WASHINGTON — Pentagon propaganda websites aimed at countering terrorism in foreign countries would be shut down under a Senate measure sponsored by the chairman of the Armed Services Committee, according to his office.
The Pentagon’s Trans Regional Web Initiative (TRWI), a U.S. Special Operations Command initiative, operates 10 websites around the globe. Sen. Carl Levin’s committee voted to eliminate its $19.7 million in funding in the National Defense Authorization Act.
The committee “believes that the costs to operate the websites developed under TRWI are excessive. The effectiveness of the websites is questionable and the performance metrics do not justify the expense,” according to the defense authorization bill, which will be taken up by the full Senate this fall. It recommended other government agencies, particularly the State Department, take the lead in efforts to shape the opinion of foreign audiences.
Levin, a Democrat from Michigan, had no comment on the measure, said his spokeswoman, Tara Andringa.
Levin’s rebuke of the Pentagon’s website propaganda efforts follows a critical report from the Government Accountability Office on so-called Military Information Support Operations that was sent only to select members of Congress and government agencies. The GAO found the websites had poor coordination with U.S. embassies, among other issues. Last week in the House, a similar attempt to slash funding for the websites failed.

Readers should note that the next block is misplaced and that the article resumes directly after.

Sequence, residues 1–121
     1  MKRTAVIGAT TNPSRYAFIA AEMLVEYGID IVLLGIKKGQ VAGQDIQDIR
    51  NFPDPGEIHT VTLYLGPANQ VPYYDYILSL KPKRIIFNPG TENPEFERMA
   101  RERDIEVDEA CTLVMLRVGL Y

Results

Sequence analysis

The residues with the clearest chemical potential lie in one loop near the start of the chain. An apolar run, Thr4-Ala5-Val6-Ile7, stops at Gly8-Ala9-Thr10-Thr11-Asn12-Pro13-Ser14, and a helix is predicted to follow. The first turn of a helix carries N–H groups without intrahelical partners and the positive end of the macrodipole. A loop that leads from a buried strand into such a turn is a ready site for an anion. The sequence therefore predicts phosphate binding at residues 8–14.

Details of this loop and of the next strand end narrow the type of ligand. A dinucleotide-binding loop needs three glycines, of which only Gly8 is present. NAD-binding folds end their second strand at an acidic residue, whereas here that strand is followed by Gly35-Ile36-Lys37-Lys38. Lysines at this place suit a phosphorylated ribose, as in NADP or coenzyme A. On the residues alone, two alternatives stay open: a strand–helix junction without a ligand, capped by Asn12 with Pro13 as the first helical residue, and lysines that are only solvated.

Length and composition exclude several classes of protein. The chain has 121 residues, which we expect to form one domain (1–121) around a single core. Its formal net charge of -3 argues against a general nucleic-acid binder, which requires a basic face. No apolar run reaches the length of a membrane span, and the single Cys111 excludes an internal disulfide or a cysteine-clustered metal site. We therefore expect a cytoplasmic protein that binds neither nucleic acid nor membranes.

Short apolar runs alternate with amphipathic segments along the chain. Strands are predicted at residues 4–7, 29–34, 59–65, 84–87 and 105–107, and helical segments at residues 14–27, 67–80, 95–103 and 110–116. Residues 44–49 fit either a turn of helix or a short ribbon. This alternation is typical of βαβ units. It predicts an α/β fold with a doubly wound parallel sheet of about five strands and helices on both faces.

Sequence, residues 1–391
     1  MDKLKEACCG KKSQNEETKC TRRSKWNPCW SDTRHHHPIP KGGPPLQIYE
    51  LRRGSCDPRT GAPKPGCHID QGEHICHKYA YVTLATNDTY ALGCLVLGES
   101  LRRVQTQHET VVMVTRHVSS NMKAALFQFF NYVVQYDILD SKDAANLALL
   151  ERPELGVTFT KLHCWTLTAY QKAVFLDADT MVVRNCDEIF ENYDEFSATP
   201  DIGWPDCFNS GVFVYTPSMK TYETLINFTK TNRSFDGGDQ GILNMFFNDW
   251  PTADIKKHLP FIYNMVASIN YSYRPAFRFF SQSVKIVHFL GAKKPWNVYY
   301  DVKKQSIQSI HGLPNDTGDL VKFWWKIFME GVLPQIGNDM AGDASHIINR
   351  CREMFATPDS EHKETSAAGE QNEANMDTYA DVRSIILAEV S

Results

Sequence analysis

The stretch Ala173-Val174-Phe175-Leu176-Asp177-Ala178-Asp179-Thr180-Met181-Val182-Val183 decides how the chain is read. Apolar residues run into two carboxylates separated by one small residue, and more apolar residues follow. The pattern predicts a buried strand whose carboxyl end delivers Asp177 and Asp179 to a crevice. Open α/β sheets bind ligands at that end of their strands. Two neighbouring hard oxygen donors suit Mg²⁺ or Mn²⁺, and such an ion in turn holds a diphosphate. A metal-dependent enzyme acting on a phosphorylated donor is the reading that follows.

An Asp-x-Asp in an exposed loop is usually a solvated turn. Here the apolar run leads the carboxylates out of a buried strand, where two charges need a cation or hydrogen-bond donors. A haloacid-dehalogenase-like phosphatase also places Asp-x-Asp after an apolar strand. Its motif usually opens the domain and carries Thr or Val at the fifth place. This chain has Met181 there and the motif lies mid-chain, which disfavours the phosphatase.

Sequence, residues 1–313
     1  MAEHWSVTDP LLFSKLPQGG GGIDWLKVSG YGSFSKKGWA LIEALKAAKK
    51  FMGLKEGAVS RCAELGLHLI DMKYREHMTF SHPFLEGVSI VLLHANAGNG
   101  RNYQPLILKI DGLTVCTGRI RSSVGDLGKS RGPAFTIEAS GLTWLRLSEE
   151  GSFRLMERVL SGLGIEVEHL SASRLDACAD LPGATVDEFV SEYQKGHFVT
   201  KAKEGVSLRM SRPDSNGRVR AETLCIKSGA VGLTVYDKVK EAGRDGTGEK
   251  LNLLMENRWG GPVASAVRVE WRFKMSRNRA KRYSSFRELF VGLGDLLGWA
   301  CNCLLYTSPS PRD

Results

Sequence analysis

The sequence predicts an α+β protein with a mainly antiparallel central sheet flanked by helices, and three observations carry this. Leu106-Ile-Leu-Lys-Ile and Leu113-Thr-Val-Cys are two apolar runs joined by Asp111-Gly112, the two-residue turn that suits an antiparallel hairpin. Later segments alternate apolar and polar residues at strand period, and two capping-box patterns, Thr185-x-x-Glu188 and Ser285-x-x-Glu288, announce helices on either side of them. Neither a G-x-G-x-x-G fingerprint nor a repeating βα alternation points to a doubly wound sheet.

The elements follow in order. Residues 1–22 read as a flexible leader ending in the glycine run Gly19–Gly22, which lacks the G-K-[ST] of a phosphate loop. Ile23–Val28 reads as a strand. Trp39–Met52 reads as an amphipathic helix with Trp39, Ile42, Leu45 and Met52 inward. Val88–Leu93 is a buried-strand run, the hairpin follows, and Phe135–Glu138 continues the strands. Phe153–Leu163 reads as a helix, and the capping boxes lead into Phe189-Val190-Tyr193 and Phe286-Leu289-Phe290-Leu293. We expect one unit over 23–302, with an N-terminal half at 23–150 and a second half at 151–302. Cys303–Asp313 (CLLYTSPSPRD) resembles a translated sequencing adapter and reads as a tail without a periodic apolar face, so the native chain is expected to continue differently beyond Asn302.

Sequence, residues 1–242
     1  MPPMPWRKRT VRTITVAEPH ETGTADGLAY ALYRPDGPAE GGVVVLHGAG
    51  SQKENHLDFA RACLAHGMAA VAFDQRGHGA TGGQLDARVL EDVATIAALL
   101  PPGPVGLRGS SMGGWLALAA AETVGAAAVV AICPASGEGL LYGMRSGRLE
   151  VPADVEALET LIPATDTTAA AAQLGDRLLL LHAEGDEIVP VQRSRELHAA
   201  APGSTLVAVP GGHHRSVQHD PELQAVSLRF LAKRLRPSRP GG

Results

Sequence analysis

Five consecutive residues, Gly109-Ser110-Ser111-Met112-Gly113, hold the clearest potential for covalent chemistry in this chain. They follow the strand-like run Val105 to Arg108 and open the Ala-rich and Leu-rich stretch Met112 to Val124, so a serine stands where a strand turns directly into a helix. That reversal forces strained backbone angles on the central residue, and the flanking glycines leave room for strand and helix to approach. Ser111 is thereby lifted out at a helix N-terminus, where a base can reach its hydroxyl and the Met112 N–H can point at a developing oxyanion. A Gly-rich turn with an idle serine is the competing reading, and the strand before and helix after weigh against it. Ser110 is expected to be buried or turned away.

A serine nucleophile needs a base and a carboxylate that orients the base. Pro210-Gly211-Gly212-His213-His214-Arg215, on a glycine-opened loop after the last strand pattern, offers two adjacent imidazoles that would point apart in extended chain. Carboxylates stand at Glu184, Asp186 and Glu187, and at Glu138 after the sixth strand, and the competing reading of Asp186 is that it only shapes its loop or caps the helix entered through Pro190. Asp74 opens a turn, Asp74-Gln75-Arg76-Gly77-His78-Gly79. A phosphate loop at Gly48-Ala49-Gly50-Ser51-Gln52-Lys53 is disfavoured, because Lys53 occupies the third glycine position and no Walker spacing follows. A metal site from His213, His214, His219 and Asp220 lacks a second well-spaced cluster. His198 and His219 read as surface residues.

The GAO report on Military Information Support Operations, which it describes as using “information and actions to influence foreign audiences to change their behavior to be favorable to U.S. interests,” found fault with the websites.
USA Today obtained a copy of the report and has run a series of stories about military propaganda efforts.
In 2012, the Pentagon spent $22 million on the sites for each of the combatant commands, including Central Command in the Middle East. The Pentagon, according to the report, “states that the websites are an important tool to influence foreign audiences to counter violent extremism and help achieve combatant commanders’ objectives, but we found instances where the websites were not well coordinated with embassy country team or (other military propaganda) efforts.”
The sites “seek to influence the attitudes and perceptions of foreign audiences who are undecided or do not agree with U.S. positions on some issues, such as countering terrorism.” They provide articles in English and some local languages are accessible to the public. Attribution for the sites is given to the combatant commands but it is not prominently displayed.
The report was critical for the military’s limited coordination of its websites with the State Department and local embassy teams. Although some meetings have taken place, officials from the State Department told investigators that “the websites have the potential to unintentionally skew U.S. policy positions or be out of step with other U.S. government efforts in a particular country.”
In Africa, for example, the State Department had “expressed concern over U.S. Africa Command’s sponsorship of a news web site about the Maghreb region of northern Africa, saying that a program marketed as a (Pentagon) operation may not be well received by countries traditionally sensitive to foreign military presence.”